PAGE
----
A nonprofit publication of the Kentucky Center for Public Service Journalism

Recent poll finds Kentuckians sharply divided on COVID vaccine requirements for schools, businesses

Kentuckians are split when it comes to whether COVID-19 vaccines should be required for employees or students to return to in-person work and school. That’s according to a poll by the Foundation for a Healthy Kentucky.

Looking closer at whether it’s a good idea that students be required to have the COVID-19, there is a divide based on whether children live in the household. Two-thirds of those living with children thought a school requirement was a bad idea. Meanwhile, more than half of those without kids at home thought it was a good idea for a school requirement.

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“It’s expected for parents to have lots of questions and be concerned about their child’s health,” said Ben Chandler, president and CEO, Foundation for a Healthy Kentucky. “We encourage you to talk with your child’s pediatrician, your doctor, pharmacist or local health department to get the facts about what the vaccine means for your teen. And, talk to your teenager about what they want to do.”

On the business side, political party identification, self-reported health status, and age show differing opinions on whether it’s a good or bad idea for businesses to require employees to get vaccinated before returning to in-person work.

“We still have a lot of ground to cover to help people become more comfortable with the COVID-19 vaccines,” said Allison Adams, vice president for policy, Foundation for a Healthy Kentucky. “It’s up to us all, from health care providers to family and friends, we need to make sure that family members, coworkers, and neighbors are reading information from reliable sources so that they may make an informed decision for themselves and their family.”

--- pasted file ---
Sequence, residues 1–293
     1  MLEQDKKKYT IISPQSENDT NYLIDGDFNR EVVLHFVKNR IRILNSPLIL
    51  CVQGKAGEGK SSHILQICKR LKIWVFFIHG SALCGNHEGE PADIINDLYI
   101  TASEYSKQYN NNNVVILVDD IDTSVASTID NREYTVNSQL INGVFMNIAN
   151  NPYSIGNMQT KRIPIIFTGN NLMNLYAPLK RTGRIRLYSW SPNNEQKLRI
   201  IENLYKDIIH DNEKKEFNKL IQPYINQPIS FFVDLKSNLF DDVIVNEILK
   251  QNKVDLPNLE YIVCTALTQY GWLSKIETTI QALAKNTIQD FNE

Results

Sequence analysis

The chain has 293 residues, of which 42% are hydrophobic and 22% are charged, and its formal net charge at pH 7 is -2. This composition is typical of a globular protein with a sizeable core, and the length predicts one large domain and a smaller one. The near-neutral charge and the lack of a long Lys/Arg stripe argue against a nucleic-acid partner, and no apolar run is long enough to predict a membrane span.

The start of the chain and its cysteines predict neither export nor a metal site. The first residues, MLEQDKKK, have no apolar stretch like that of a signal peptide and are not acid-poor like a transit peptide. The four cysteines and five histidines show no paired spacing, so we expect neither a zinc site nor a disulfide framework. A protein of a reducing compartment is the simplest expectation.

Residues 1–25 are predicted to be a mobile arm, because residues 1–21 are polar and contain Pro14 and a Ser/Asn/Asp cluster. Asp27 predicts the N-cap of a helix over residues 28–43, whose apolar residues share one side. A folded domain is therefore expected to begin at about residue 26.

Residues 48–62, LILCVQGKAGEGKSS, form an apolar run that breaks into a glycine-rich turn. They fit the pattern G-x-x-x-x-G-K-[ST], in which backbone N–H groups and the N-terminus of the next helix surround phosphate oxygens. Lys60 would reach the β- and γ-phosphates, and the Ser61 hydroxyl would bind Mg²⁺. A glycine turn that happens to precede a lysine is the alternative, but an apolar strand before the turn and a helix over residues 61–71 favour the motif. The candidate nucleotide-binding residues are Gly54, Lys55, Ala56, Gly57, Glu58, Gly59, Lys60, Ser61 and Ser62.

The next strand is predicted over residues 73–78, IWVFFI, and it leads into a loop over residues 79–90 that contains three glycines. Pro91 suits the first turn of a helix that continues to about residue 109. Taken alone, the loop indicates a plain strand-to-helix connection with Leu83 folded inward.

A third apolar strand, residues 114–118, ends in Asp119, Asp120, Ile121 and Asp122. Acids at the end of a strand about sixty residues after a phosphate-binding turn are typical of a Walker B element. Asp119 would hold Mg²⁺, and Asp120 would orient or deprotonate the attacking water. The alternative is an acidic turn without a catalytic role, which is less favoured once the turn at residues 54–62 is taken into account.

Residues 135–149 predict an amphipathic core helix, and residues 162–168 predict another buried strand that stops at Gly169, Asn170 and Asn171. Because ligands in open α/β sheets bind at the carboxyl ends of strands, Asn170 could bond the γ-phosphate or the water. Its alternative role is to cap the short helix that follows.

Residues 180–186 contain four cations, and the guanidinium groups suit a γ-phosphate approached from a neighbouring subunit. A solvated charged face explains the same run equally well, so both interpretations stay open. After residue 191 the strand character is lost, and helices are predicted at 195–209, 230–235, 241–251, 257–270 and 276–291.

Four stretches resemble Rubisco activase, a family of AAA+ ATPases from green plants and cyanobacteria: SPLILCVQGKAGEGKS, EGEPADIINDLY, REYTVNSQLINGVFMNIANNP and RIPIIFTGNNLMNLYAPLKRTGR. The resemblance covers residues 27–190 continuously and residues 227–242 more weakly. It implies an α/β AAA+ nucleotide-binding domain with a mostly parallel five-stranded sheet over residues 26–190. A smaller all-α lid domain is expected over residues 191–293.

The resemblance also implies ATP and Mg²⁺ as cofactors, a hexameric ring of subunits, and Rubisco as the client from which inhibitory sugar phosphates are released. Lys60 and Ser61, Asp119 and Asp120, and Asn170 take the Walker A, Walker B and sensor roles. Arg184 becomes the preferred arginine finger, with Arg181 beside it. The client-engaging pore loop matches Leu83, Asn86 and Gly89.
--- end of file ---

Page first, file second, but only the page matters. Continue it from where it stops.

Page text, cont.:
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The Foundation has compiled a number of resources from the Centers for Disease Control and Prevention (CDC) and Kentucky health leaders at www.healthy-ky.org.

The Foundation’s Vaccines in Kentucky poll showed more than 70 percent of Kentuckian adults intended to or had already taken the COVID-19 vaccine. Meanwhile, half of those who did not intend to get a vaccine said they were open to changing their minds with more information and time. The poll also showed that 95 percent of Kentucky adults trust their physician or health care provider a great deal or fair amount when it comes to getting information about vaccines. Other highly trusted messengers include a person’s pharmacist and local health department leaders.

The Foundation is challenging local health care providers, pharmacists and health influencers to get the word out to their communities, clients, neighbors, friends and family by recording a video and posting it online, in local e-newsletters, and on social media.

The Vaccines in Kentucky – The Foundation for a Healthy Kentucky Poll was conducted February 11 – March 12, by the Institute for Policy Research at the University of Cincinnati. More than 800 adults from throughout Kentucky were polled by telephone. The poll includes a +/- 3.5 percent margin of error. It was funded by the Foundation for a Healthy Kentucky.

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Foundation for a Healthy Kentucky

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